Sam Levin in San Francisco for The Guardian Fri 23 Mar 2018 wrote:The footage “strongly suggests a failure by Uber’s automated driving system and a lack of due care by Uber’s driver”, Bryant Walker Smith, a University of South Carolina law school professor and autonomous vehicle expert, said in an email. He noted that the victim is visible about two seconds before the collision, saying: “This is similar to the average reaction time for a driver. That means an alert driver may have at least attempted to swerve or brake.”


Interesting... If we want to start a rabbit running.... A scenario that occurred to me is that Uber actually have a car sensor setup that works fine but looked at the cost and went ' WAY too expensive' and started progressively winding back the sensor set to find the cheapest combination that works 'Just OK'. This incident would be where went they went one step too far....?

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Re: Autonomous cars? I think not

Postby antigee » Fri Mar 23, 2018 1:25 pm

Jmuzz wrote:
find_bruce wrote:Does anyone know the conditions imposed on Uber for their test? I expect that they would include a requirement that a licenced driver be behind the wheel at all times.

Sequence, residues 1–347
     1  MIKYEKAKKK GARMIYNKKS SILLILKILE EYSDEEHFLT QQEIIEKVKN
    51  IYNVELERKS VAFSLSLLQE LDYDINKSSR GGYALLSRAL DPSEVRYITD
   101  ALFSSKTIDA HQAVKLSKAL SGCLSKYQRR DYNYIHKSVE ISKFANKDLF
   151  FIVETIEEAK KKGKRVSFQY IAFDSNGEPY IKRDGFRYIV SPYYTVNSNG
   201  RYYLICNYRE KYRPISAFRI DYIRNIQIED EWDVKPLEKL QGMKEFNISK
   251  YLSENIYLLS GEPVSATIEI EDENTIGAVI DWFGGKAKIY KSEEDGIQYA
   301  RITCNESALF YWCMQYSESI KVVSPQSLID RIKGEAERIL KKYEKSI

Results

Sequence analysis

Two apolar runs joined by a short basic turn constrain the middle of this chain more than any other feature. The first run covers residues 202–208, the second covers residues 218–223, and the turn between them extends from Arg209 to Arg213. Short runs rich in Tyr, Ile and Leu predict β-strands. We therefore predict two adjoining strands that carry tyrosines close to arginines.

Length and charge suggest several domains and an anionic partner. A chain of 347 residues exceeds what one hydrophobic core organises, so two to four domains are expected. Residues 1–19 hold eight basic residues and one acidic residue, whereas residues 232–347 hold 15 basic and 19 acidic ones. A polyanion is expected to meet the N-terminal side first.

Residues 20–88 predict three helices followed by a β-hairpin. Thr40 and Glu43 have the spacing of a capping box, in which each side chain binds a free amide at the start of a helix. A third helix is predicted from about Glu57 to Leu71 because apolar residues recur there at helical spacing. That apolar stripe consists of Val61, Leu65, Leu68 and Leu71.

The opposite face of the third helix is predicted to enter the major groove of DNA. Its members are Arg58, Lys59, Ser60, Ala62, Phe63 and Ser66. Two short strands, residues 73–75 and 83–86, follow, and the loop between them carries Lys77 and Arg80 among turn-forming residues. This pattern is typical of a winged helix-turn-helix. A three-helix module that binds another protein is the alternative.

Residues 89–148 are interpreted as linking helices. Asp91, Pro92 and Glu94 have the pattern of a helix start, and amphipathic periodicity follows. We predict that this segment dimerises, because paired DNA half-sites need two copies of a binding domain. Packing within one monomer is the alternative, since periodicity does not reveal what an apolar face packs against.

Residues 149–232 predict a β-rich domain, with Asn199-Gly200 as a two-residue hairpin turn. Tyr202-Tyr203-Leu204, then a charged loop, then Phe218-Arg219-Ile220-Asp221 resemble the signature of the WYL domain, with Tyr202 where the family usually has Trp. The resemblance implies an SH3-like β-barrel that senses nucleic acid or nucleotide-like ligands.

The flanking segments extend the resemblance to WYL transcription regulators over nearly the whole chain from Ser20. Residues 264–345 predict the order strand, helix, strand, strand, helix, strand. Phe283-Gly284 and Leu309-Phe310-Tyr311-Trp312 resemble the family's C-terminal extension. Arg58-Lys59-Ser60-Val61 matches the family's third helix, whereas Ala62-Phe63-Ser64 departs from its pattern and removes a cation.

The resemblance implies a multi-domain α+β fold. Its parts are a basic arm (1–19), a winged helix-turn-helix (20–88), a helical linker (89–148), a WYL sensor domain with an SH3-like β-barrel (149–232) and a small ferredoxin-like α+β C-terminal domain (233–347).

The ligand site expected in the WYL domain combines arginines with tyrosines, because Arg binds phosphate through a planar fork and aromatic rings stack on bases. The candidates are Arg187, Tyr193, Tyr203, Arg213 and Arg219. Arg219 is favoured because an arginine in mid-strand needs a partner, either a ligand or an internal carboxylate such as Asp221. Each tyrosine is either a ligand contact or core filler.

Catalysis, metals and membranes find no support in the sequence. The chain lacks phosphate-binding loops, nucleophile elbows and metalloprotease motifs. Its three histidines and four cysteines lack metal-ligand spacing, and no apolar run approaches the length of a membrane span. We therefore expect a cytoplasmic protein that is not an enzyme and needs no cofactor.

The state has authorised full autonomy (though now suspended). Potentially you can sleep in the back seat.
Whether this car was in that category hasn't come out yet.
So it will depend on that cars classification.

Regardless of the classification the driver may have had a job description to supervise at all times, or they may have only had a duty to be there to push emergency stop within 5 seconds if it went completely crazy.
Unknown at this stage.


The Economist dated March 3rd -9th has several articles on autonomous vehicles and is possibly worth reading - some of the articles are online but most will be behind their paywall I guess - anyway having read that article my suspicion would be very strong that the Uber vehicle involved in this death would be fully autonomous (level 4 in the jargon) because Uber is only really interested in developing driverless cars to cut a cost out of its business model therefore has no interest in developing vehicles that require human intervention

I wasn't really that enthused to watch the video of a vehicle striking and killing someone but I'm actually glad I did as it wasn't what I was expecting....was expecting the drivers nightmare scenario of someone simply stepping off the sidewalk/pavement directly as you are passing giving very little reaction time. This was a situation where there was reaction time with the lady pushing her bike across the other carriageway and into the path of the vehicle.